Date: March 7, 2012

             Mike and Ike went to their favorite bar after work and stayed far longer than they should have. Mike drove Ike because Ike had his license suspended on account of numerous motor vehicle violations.

             After the two men finished drinking, Mike decided that he was in far worse condition to drive than Ike and suggested that Ike drive. Mike clearly knew that Ike was unlicensed.

             Sure enough, within two blocks of the bar, Ike drove the vehicle into a parked car. The collision resulted in significant injuries to Mike. Mike bought a lawsuit against Ike. Ike’s attorney stated that his client cannot be responsible because Mike would be vicariously responsible for his own injuries by allowing Ike, the unlicensed driver, to operate the vehicle. Ike’s attorney requested that Mike’s lawsuit be dismissed without ever going to trial.

             The judge agreed and the case was dismissed. Since there was no question that Mike gave Ike permission to drive his car despite the fact that Mike knew that Ike was unlicensed, Mike would be responsible for his own injuries even though he was not the driver of the car at the time.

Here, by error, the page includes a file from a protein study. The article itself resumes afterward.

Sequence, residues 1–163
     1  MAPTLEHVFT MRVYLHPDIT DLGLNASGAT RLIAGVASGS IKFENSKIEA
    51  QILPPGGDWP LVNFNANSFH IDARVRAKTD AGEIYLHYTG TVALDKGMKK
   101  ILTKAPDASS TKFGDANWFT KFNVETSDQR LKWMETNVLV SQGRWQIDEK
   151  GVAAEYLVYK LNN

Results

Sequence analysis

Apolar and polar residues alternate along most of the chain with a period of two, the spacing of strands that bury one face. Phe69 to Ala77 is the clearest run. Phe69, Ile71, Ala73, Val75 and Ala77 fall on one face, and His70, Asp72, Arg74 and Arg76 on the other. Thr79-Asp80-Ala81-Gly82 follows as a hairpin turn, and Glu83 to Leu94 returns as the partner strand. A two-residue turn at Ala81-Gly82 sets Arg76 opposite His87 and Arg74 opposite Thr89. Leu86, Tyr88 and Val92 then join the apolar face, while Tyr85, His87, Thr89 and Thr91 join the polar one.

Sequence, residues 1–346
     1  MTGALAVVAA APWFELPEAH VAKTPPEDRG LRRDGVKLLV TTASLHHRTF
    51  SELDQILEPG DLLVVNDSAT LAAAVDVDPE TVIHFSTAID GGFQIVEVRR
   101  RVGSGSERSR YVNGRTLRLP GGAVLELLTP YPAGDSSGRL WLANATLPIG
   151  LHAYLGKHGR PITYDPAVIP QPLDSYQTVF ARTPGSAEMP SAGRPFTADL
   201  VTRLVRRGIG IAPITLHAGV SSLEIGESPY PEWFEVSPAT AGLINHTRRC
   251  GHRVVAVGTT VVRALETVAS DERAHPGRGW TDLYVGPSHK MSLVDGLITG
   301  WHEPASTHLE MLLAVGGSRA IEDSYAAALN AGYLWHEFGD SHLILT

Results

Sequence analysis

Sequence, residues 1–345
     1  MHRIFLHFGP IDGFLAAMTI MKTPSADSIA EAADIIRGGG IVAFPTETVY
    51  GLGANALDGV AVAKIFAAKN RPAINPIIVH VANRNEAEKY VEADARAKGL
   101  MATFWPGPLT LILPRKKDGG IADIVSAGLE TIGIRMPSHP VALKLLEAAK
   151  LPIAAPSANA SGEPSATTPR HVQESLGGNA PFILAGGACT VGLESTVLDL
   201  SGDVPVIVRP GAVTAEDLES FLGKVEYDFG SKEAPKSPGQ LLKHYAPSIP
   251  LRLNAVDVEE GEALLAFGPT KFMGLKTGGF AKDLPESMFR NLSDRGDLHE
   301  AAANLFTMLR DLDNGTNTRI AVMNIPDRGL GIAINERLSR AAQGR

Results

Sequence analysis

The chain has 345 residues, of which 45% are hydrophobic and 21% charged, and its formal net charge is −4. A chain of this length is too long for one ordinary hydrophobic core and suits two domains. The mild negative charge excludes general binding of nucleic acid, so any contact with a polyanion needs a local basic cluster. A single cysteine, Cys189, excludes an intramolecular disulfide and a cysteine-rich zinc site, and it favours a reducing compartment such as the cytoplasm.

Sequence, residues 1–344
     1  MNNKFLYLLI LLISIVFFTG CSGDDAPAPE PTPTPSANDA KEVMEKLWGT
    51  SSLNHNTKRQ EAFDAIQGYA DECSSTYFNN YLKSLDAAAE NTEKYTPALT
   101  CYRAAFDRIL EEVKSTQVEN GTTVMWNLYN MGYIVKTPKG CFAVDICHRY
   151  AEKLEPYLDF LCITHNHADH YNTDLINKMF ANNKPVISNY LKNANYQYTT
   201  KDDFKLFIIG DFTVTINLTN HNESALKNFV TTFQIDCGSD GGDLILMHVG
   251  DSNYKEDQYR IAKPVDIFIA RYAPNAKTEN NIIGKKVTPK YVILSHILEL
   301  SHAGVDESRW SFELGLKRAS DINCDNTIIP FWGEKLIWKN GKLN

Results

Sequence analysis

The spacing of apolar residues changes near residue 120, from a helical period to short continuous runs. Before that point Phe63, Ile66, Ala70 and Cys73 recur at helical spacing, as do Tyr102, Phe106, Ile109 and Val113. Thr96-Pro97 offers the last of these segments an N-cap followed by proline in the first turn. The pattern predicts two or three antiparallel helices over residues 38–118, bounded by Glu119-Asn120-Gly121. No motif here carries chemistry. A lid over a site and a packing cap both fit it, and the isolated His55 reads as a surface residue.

A person who allows an unlicensed driver to drive a vehicle will be responsible for any damages and/or injuries caused by that unlicensed driver.

 Disclaimer: The above article is for instructive purposes only and each case is fact sensitive.  Consultation with an attorney should be obtained instead of reliance upon the legal issues discussed in this column. 



Cal Leventhal
Cal is a graduate of the University of Miami (magna Cum Laude) and attended Loyola and Notre Dame law schools graduating in 1976. He is admitted to the Bars of the Supreme Court of Pennsylvania and both state and federal trial and appellate courts situated in Pennsylvania.